I was going to make a circle of stones on a high mountain in Malawi and then, when I got there, I couldn’t find any stones because there was no ice and snow to break the rock up. So I kept the idea of a circle and changed the material to burnt cacti which were lying around, that had been burnt in lightning storms. … I am an opportunist; I just take advantage of the places and situations I find myself in.
Alongside these photographs there is an annotated OS map of an area of the Cairngorms – Concentric Days, 1996 – with concentric circles superimposed, each representing a day and ‘a meandering walk within and to the edge of each circle’. You look and you imagine. There are two hand-made books – Nile (Pages of River Mud), 1990 and River Avon (1979) – both of which are assembled from papers dipped in the mud of those rivers.
In an adjoining room are two contrasting pieces – Somerset Willow Line (1980) constructed from willow twigs arranged in a large rectangle across the gallery floor, and, spelt out in large capitals across the length of one wall, one of his text works: A DAYS WALK ACROSS DARTMOOR FOLLOWING THE DRIFT OF THE CLOUDS.
Another room brings together three more contrasting examples of Long’s work: Water Falls, a large piece like a painting created for this exhibition from paint overlain with scraped and scoured china clay, along with floor pieces, Cornish Slate Ellipse and Blaenau Festiniog Circle, constructed from blocks of Welsh slate in an arrangement that reminded me strongly of pieces exhibited by David Nash at the YSP last year.
I’ll finish with that other great walker, Robert Macfarlane. This is how he concluded an appreciation of Richard Long’s work he wrote for The Guardian:
I like his unpretentiousness. It’s probably what appeals to me most about Long and his work. He practises a kind of ritualised folk art. His circles, lines and crosses are radiantly symbolic, but also childishly simple; or, rather, they’re radiantly symbolic because they’re childishly simple. It’s for this reason that Long is ill-served by those interpreters who draw a cowl of Zennish mysticism over his sculptures, or who interpret his textworks (strings of words and phrases, often superimposed on to a photograph of the landscape that has been walked) as koan-like chants.[...]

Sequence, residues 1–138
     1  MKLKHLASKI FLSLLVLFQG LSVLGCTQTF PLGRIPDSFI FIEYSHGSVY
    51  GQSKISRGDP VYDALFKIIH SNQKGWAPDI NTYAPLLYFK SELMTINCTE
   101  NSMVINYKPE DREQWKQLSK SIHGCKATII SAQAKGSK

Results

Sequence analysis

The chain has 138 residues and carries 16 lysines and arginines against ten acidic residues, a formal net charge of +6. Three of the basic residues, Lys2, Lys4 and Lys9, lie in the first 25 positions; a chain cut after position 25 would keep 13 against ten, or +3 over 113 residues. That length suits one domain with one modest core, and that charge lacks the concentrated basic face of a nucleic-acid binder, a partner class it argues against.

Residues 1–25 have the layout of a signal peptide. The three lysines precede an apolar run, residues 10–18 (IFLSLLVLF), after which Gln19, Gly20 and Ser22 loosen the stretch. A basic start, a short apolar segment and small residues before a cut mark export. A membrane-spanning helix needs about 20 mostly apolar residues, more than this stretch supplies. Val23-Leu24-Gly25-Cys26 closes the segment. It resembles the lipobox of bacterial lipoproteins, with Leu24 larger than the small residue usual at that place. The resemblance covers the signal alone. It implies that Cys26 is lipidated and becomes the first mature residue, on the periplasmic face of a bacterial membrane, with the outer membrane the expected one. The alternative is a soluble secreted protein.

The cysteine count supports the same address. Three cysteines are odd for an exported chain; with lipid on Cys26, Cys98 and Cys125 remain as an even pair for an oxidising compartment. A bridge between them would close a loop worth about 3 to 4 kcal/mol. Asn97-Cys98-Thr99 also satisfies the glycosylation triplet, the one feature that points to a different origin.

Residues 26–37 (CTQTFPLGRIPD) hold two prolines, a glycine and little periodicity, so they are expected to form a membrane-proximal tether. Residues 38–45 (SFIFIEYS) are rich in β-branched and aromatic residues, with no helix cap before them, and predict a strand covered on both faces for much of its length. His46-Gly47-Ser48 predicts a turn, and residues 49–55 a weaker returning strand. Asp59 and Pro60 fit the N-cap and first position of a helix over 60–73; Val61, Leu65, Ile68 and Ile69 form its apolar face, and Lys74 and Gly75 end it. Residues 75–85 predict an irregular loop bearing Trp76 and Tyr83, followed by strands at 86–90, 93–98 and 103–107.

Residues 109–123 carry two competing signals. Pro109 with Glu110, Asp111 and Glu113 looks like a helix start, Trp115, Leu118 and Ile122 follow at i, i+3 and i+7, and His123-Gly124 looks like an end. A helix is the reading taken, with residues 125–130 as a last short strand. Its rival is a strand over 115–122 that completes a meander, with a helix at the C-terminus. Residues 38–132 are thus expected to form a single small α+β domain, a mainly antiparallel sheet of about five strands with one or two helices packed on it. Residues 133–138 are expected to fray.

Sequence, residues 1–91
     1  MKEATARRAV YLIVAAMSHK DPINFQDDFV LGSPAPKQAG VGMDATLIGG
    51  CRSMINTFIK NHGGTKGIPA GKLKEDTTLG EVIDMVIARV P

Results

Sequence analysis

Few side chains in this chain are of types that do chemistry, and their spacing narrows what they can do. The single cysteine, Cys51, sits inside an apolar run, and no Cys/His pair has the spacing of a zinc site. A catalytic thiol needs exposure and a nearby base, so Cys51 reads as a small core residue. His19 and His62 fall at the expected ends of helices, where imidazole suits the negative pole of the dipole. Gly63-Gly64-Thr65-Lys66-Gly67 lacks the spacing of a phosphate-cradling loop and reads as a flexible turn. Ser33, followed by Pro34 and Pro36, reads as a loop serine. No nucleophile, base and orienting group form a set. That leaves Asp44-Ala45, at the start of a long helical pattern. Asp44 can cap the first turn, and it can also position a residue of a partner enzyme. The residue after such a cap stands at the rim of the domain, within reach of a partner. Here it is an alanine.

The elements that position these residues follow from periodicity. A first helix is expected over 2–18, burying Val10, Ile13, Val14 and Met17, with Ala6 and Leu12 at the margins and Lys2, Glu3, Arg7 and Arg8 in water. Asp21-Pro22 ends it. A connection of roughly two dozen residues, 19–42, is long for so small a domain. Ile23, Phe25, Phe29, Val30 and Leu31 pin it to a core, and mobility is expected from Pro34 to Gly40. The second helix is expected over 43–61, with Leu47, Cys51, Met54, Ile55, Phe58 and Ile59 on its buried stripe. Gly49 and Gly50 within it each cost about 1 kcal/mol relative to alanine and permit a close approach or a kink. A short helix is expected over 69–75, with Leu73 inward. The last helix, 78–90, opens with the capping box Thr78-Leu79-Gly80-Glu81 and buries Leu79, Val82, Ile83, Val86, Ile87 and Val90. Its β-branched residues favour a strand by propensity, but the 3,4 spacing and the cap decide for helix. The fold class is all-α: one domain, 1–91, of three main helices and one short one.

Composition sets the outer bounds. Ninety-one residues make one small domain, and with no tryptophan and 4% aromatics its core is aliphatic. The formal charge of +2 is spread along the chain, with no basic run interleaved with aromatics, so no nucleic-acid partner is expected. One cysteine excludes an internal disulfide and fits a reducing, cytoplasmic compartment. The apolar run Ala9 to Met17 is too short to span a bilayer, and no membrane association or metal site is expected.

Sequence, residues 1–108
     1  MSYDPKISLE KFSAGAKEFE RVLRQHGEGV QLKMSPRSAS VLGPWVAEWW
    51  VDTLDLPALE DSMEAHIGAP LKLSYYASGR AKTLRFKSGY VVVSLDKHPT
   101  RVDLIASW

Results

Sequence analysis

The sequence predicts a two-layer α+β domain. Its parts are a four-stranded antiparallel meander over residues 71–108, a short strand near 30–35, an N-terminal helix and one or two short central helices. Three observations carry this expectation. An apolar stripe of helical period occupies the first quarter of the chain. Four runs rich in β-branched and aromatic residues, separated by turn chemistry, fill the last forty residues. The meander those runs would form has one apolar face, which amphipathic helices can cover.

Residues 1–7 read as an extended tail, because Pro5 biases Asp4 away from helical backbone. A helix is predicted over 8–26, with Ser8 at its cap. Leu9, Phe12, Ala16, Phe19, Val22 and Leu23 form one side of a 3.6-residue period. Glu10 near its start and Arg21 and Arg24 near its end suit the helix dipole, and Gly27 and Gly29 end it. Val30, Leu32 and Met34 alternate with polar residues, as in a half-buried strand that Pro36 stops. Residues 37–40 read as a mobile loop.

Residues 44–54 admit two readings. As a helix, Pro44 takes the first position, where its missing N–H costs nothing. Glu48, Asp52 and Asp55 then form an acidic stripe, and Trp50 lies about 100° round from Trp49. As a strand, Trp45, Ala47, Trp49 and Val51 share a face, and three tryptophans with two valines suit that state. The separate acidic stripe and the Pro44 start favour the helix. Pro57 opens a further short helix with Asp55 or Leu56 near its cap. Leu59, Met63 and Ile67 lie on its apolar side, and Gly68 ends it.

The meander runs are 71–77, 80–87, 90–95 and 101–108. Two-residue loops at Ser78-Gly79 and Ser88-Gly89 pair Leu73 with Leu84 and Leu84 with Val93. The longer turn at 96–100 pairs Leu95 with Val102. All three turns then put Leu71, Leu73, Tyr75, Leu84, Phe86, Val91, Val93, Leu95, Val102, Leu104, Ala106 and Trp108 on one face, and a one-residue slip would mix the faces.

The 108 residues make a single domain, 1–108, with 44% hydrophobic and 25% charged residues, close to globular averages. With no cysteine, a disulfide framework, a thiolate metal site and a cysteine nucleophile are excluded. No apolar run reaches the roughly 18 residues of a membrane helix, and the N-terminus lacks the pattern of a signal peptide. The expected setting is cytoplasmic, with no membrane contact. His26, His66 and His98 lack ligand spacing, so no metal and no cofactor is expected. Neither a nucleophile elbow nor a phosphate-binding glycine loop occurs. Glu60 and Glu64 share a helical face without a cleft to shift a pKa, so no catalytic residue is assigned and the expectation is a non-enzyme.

No, Long is no magus. More of a high-end hobo. Among my favourite of his pieces is Walking Music, a textwork that records the songs that trundle through his mind as he walks 168 miles in six days across Ireland, the music keeping at bay the loneliness of the long-distance walker. Johnny Cash, Bob Dylan, Sinéad O’Connor singing “On Raglan Road”, Jimmie Rodgers’s “Waiting for a Train”, Róisín Dubh played on the pibroch …
Samuel Beckett – who, like Long, found much to meditate on and much to laugh at in the act of walking; and who, like Long, loved country lanes and bicycles, pebbles and circles – once observed that it is impossible to walk in a straight line, because of the curvature of the earth. There’s a great deal of Long in that remark. His art reminds us of the simple strangeness of the walked world, of the surprises and beauties that landscape can spring on the pedestrian. It’s good that Long is out there, knackering another pair of boots, singing Johnny Cash to himself as he walks the line.
- Richard Long: artist’s website
- Richard Long slideshows: of sculptures, textworks and exhibitions (artist website)
- Walk the line: Robert Macfarlane on Richard Long (The Guardian)
- Richard Long interview: The Guardian
- Walking and Marking – The Art Of Richard Long: Caught By The River blog
- Richard Long: Walks on the wild side: critical assessment of Long’s work by the late Tom Lubbock (Independent)